Click to Print

Crafting: A Silver Lining in a Tough Economy

Looking for an outlet for your creativity? Crafting is bucking the economic meltdown. Here are the latest crafting trends you should know about.
March 4, 2009

In economic times like these, the urge to hunker down in your house, limit spending and jump off the merry-go-round of shopping, credit and consumerism can be strong. And one way for people to step outside the system, if just for a few hours a week, is crafting. Rather than being a consumer, a crafter becomes a manufacturer; the end result of a night on the couch isn't three hours of empty Tivo space, but a scarf, toy or handmade holiday ornament that one can give away, keep or sell.

Crafting Means Community

Whether you're interested in the crafting industry as a crafter-turned-merchant or a craft supply manufacturer, understanding that crafters are community-oriented is crucial. The internet brings together crafters of all stripes. Here are a few sites to join and learn from:

  • , started in 2003, is the queen supreme of indie craft sites. With 450,000 unique visitors and 10 million page views each month, the message boards buzz with crafters posting their clever projects.

  • , created by Taunton Press, went online last spring. It already has 266,000 unique visitors every month and 1.2 million page views. It boasts a variety of members and a burgeoning library of projects.

  • and are just two popular sites targeting specific crafts--sewing and knitting, respectively.

  • isn't just a marketplace for handmade-goods creators. An active blog and messages boards where sellers exchange advice have also made it a vibrant crafty community.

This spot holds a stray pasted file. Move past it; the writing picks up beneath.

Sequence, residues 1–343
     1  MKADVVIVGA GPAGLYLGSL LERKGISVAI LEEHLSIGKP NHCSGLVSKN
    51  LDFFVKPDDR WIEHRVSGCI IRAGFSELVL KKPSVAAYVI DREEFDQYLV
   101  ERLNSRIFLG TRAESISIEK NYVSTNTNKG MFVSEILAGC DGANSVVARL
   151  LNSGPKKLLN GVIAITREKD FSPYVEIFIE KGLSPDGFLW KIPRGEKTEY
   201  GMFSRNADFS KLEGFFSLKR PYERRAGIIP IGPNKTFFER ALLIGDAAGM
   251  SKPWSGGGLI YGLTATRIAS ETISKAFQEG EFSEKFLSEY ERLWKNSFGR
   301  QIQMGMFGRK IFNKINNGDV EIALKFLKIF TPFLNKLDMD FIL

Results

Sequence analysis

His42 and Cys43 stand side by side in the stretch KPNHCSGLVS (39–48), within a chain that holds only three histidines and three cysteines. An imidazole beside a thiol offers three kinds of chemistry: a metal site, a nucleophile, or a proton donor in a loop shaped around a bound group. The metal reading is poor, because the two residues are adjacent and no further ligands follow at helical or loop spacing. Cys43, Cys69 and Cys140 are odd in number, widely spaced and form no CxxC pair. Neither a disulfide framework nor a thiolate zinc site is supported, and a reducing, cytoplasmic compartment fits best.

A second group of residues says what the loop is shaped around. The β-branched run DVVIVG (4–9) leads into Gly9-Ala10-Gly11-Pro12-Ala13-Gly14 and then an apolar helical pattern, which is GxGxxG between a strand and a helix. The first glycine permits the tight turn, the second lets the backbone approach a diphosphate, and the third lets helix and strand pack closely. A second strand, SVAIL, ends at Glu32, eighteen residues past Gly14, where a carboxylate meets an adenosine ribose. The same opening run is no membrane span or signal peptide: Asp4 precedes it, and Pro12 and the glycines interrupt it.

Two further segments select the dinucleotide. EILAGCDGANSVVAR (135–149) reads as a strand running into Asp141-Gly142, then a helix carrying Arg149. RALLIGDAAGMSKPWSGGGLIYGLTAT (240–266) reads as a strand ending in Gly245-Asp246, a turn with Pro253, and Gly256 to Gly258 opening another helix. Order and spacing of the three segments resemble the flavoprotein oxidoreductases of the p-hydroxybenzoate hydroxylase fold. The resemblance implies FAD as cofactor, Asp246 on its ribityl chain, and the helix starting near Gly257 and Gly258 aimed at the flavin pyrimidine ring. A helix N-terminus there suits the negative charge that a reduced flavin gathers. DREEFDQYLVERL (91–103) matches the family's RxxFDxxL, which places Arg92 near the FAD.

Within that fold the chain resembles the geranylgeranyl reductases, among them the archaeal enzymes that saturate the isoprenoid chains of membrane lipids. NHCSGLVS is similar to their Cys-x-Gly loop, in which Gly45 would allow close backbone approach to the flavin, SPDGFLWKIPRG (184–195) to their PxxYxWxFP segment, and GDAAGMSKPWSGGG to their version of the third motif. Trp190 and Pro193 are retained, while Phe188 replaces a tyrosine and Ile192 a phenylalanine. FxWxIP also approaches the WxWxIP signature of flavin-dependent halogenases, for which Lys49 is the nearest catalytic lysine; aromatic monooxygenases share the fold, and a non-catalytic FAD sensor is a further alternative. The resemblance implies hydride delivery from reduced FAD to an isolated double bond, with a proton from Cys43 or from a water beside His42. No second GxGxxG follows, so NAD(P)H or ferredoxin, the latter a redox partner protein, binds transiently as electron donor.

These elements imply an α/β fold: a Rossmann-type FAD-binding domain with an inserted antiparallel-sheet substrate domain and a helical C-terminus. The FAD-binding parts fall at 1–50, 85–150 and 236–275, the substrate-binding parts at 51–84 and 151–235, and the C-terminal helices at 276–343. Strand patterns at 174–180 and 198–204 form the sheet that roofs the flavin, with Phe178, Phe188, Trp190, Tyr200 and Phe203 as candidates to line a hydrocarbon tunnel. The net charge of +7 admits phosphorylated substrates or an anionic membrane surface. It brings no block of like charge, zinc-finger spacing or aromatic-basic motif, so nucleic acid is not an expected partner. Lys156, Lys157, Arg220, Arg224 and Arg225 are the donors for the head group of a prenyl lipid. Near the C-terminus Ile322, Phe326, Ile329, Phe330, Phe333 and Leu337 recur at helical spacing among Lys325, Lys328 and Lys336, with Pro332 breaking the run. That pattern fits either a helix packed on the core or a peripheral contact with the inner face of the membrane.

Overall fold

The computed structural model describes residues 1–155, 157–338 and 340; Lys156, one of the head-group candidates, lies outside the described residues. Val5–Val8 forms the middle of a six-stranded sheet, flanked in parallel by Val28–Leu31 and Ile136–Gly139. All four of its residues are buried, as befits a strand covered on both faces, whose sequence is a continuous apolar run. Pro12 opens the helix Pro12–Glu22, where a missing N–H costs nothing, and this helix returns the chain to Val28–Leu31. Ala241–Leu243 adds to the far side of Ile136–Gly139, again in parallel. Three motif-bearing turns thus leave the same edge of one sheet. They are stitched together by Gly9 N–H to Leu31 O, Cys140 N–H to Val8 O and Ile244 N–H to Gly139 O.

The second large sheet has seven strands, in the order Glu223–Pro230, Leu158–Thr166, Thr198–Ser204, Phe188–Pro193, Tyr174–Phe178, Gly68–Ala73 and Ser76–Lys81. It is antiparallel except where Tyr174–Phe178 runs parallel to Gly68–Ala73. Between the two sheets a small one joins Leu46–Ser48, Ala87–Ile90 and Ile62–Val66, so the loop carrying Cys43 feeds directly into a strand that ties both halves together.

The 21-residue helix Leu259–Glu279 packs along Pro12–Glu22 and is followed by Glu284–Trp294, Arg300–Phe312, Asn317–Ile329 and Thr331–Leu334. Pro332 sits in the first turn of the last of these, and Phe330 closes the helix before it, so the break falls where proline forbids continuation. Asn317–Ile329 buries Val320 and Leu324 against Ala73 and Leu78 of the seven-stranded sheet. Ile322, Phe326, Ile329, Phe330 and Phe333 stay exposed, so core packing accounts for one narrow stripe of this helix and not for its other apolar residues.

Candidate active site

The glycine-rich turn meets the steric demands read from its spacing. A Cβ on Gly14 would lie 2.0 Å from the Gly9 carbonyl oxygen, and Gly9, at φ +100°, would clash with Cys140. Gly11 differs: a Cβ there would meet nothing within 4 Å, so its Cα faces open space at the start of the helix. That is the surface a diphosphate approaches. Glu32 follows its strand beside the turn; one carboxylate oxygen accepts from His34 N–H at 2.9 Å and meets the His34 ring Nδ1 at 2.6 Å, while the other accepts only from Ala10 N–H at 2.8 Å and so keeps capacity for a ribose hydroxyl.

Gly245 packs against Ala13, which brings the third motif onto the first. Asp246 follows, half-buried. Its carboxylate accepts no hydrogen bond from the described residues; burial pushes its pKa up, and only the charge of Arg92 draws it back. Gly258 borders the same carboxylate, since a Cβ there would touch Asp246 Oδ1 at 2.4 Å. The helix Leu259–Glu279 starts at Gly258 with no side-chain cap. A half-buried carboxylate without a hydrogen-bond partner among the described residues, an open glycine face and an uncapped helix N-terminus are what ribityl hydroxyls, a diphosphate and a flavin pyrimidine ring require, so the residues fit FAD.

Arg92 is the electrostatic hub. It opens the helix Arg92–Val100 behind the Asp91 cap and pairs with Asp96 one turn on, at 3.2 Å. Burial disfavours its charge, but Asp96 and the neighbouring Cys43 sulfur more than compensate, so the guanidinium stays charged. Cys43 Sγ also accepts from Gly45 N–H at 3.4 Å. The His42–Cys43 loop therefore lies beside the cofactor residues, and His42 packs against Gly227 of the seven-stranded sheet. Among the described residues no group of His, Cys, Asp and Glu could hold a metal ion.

• Craft Mafias are groups of business-minded artisans who meet in the real world to help support one another in their entrepreneurial efforts.
While data are still being compiled for 2008, the Craft and Hobby Association reported that in 2007, craft sales in 39 categories reached nearly $32 billion, and nearly 57 percent of U.S. households engage in crafting. Online handmade goods site reported $88 million in sales in 2008, a significant increase over 2007 sales of $26 million. With 1.9 million members and more than 200,000 sellers, Etsy enjoyed $9.9 million in sales in January alone.

Like most retail sectors, it's likely that craft sales may decrease in the coming months. But all signs point to more and more people diving into this market, both as consumers of supplies and handmade gifts, and as entrepreneurs selling their own items and supplies.

At the January CHA show, spirits were high as manufacturers and retailers recognized that the economic climate creates more folks ready to put needle to fabric and stamp to paper to join a crafting revolution that's been in the works for more than a decade.

Some of the big crafting trends present at the show, which featured more than 900 exhibitors, include:

Tough times tend to spur creativity. As an entrepreneur, there are few better ways to channel your creativity than in a crafts business. Whether you start to find your artistic voice or you do it to sell personalized gifts, crafting makes the most out of your creativity--as an artist and as an entrepreneur.